Sometimes the pressure of everything we have to do is so overwhelming that we indulge in tasks that distract us so as not to think about what bothers us so much. It often happens that we do something that deep down we know we shouldn’t be doing because there is something more important and more priority than taking care of. This means that we are not doing what we need because we are not enjoying this moment of relaxation either. our conscience constantly reminds us of our obligations.

      However, impulsivity does not explain everything, procrastination is due to multiple causes.

      The procrastination triad

      Expectation, value and time are the pillars that underpin this type of self-sabotage.


      Expectation refers to our confidence in achieving our goals and while procrastination is sometimes linked to overconfidence, the opposite is much more common. In other words, if what we are pursuing it seems to us that we cannot take it, we just surrender. Helplessness, the inability to see, causes us to stop struggling.

      This leads us to a state of decomposition and frustration known as learned helplessness, in which we surrender to circumstances to believe that we are unable to change anything and stop fighting. This phenomenon is closely linked to depression.

      Ultimately, it becomes a self-fulfilling prophecy: believing that we cannot be abandoned. By stopping trying – we really become able and this confirms our beliefs about ourselves. It’s a vicious circle.


        Value is related to how attractive we are to what we postpone. Usually the procrastination list is full of boring tasks like washing dishes, learning those endless constitution items, or doing Christmas shopping. As expected, the value of each thing depends on the appetites of each and some people tend to procrastinate some tasks more than others.

        How? ‘Or’ What it’s easier to postpone something that we don’t like, that doesn’t motivate usAt least it has value for itself, a less likely task is for us to tackle it. The lack of pleasurable value causes other more pleasurable activities to distract us and therefore we are easily distracted and we escape into more stimulating things, postponing as much as possible the tasks that seem soporific to us.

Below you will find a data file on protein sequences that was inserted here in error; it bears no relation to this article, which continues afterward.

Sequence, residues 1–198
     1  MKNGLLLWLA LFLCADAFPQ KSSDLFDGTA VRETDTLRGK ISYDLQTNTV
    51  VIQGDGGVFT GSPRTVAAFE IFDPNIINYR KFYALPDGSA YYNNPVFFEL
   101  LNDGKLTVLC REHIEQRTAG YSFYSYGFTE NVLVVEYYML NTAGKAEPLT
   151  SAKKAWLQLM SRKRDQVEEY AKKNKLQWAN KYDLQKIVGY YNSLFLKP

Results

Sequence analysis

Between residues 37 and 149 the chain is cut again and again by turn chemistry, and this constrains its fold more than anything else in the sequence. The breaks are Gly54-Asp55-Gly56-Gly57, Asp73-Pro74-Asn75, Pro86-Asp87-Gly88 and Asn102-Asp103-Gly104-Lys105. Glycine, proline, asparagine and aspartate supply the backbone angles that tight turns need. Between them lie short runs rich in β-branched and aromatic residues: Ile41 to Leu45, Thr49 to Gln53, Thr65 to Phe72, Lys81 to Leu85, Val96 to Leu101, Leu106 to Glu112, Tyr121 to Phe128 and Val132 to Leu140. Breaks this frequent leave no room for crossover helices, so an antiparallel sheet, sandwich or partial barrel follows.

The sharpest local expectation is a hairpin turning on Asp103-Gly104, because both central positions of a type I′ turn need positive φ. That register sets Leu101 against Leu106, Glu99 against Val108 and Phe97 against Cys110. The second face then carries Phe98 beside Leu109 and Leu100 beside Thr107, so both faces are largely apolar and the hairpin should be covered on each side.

The time factor

        Time leads us to procrastinate because we choose immediate gratificationBecause we find it more tempting a reward that materializes immediately, however small, to strive for a long-term goal, even if it brings us greater benefit.

        Impulsivity, which we’ve talked about before, is what’s behind it all, and some other traits related to impulsive temperament are low meticulousness, low self-control, and a propensity for distraction.

        Acting without thinking, not being able to control your feelings… causes us to procrastinate. The time factor makes us see the goals and rewards of tomorrow in an abstract way, so much so that they remain a reality. Instead, everything that has to do with today is more concrete and it feels more real to us.

        in conclusion

        Procrastination is a deeply ingrained habit that can cause high doses of suffering, it leads us to distraction and takes us away from our goals. It is closely related to impulsivity and time management, it is influenced by the value of the reward we seek and by the beliefs we have about our own abilities.

        Author’s Note: This article should have been published last month, but I procrastinated it. In the next article, I will talk about some useful clues to overcome this self-sabotage.

        Bibliographical references:

        • Steel, P. (2010). The dilation equation: how to stop quitting things and start doing things. Canada: Random House Canada.